In the 30 years since its original release, Moonraker has found itself in the ignominious position of representing ground that even the most fervent Bond apologist is willing to surrender. The earliest films (Dr. No, From Russia with Love, and Goldfinger) had fanciful moments, but were rooted in a very traditional (read – conventional) espionage film format. Thunderball was the first Bond on a truly epic scale; it was the first to be filmed in widescreen, the first to have a running time over 2hrs, and the first to emphasize spectacle over more mundane concerns like plot mechanics with a lengthy underwater finale that slows the 1965 film down to a deadly crawl. From that point onward, each successive film in the series was then tasked with outdoing what came before. Live and Let Die was an inauspicious debut for Roger Moore, as he was force-marched through a clumsy effort to contemporize the series with an “urban” edge, and fared little better with The Man with the Golden Gun, a cheap looking affair enlivened only by the casting of Christopher Lee as his nemesis. Not helping the cause was the producer’s decision to abandon scope photography and return to a more TV-safe aspect ratio, resulting, not surprisingly, in two films which appeared to be made for television. That all changed with the next outing, The Spy Who Loved Me, which featured much more than just a return to widescreen photography. Unlike the prior efforts, the picture plays like as though it were tailored specifically to Moore – looser and more comfortable now – allowing the actor’s estimable charm to shine through. Say what you will about Connery and Craig, only Roger Moore could retain his dignity while converting a Lotus Esprit into a submarine and flinging a fish from the driver’s seat as it rides up out of the surf. No less important was the addition of Curt Jurgens as baddie Karl Stromberg (a last minute stand-in for Blofeld, as the rights to both the character and SPECTRE itself were involved in a lawsuit) in a welcome return to the heady days of global conquest seeking super-villains. Everything about Spy seamed big, from the famous opening ski-fall stunt to Stromberg’s undersea lair, and Moore perfectly inhabited this larger than life world. Now he owned the role.
So, what’s so great about Moonraker?
Roger Moore was in top form here, sandwiched between Spy and Eyes and forming his perfect Bond trifecta. Moore was always a good actor, but suffered from the inability to stop being Roger Moore long enough to invest a character with real emotions. On this side of the Atlantic, Robert Wagner had the same difficulty, and a promising career quickly degenerated to the statue of professional raconteur. It was easy to see Moore’s growing disinterest with the role in subsequent installments, but here he keeps both hands on the reigns, keenly maintaining the humor of the piece without allowing it to degenerating into farce…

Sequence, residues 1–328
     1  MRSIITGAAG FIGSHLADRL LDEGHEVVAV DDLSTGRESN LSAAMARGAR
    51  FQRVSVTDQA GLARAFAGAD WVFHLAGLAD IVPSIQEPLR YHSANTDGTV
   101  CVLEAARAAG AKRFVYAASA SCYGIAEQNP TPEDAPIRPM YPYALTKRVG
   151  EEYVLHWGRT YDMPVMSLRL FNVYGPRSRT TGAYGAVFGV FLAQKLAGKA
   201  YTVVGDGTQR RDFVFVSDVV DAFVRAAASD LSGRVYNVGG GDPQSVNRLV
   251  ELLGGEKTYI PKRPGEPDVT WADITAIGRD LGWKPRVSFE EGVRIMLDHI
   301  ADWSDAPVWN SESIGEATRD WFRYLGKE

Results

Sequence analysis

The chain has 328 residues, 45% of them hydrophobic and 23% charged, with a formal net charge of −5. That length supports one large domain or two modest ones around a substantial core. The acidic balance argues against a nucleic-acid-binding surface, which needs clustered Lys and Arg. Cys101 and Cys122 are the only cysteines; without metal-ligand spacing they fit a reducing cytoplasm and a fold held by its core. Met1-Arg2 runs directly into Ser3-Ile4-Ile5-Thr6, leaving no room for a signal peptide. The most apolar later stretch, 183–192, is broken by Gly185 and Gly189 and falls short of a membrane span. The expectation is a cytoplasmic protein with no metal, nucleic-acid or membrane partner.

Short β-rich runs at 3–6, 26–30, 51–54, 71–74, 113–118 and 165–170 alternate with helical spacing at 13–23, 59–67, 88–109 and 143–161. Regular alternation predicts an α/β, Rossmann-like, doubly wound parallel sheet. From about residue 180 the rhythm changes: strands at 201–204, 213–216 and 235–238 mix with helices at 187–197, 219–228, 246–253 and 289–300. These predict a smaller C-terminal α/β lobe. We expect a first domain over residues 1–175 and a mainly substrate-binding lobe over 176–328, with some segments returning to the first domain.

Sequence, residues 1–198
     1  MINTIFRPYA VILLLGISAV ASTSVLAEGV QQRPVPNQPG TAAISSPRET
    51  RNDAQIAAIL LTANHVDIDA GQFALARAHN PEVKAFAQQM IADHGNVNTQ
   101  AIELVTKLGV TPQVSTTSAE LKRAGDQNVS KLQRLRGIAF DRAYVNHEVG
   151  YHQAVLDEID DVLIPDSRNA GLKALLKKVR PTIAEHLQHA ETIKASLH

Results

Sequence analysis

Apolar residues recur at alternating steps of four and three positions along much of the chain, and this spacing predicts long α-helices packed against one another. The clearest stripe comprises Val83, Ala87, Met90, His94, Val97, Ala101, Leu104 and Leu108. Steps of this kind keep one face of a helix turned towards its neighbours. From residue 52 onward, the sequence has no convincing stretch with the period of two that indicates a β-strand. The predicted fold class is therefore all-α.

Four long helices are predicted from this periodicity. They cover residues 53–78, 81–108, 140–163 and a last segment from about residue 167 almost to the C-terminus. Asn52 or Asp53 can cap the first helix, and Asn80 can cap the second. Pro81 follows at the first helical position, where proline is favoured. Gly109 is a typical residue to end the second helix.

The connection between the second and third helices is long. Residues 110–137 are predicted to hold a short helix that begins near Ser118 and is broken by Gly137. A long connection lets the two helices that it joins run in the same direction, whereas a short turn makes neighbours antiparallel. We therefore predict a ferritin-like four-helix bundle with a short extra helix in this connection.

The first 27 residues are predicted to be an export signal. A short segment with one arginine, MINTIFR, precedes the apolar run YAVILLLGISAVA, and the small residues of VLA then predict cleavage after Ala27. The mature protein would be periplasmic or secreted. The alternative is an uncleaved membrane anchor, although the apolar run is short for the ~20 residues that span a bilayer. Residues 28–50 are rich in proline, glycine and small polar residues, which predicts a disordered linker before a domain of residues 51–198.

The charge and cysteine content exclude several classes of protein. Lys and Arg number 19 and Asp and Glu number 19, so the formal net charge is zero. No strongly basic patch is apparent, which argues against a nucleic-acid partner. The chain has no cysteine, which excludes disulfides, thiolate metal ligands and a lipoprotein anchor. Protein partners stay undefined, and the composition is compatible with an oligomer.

…which is exactly how most people regard the outer space aspect of the story. Words like ridiculous are typically applied to the film’s final act, in which a shuttle filled with American Marines engage Drax’s satellite security force in a pitched laser battle in outer space. It’s odd that people would wait nearly 20 years to be bothered by the lack of realism in a James Bond film. In truth, there’s little technology present in the film that isn’t already achievable today, where shuttles routinely dock with orbiting space stations (though our astronauts don’t have nearly the sense of style as Drax’s do). Audiences are cleverly eased into the notion of space travel by the stunning set designs of the great Ken Adams, who evokes a futuristic yet practical aesthetic for Drax’s shuttle assembly plant and the absolutely breathtaking underground mission control deep in the Brazilian jungle. One of those very designs made it onto the cover of Ken Adam Designs the Movies: James Bond and Beyond. Another behind-the-camera collaborator that must be singled out for praise is special effects artist Derek Meddings, who was charged with creating and photographing the picture’s amazingly detailed model work. The amazingly intricate model and effects work during the film’s final reels hasn’t dated the film in the way that other Sci-Fi extravaganzas of the era have (you, The Black Hole, stand up!), and give the space scenes an elegance and austerity that more than offset any “What’s Bond doing in space?” incredulity.
The Bond films enjoyed more than one good streak in the 70s, with turns from a group of terrific actors taking their Bond baddie bows; there’s Christopher Lee’s Scaramanga (a perfect example of a great villain in a pants movie) and his henchman Nick Nack (the inimitable Herve Villechaize), Curt Jurgens turn as the aforementioned Stromberg, but Moonraker offered the best of all, Hugo Drax. The bilingual Michael Lonsdale was born to a French mother and a British father, and moves freely between English and French language productions. At the time of Moonraker’s release, he was probably best known for his role as the lead detective on the trail of assassin Edward Fox in The Day of the Jackal, and his services as a character actor are still in high demand today (watch him steal Munich right out from under every other actor onscreen – including future Bond Daniel Craig). His deadpan delivery of lines like “Take care of Mr. Bond – see that some harm comes to him” strike the perfect balance between sinister and camp, and only Donald Pleasence before him seemed to have as much pure fun going up against Bond. Appearing alongside Drax is Jaws, a monstrous henchman with steel teeth (Richard Keil) brought back from an uncertain death at the end of Spy after proving popular with audiences, particularly children (a fact that this reviewer can personally attest). Another sticking point with this film seems to be the overly comic handling of the character – most likely done because of his popularity with kids – as opposed to his decidedly deadlier turn in Spy. You can practically hear a muted-horn “wah-waaaaa” whenever he emerges from a pile of rubble, or rips off the steering apparatus on the vehicle that he’s in. If this really bothers you, then the final character revelation on board Drax’s space station will leave you in a fit of apoplexy.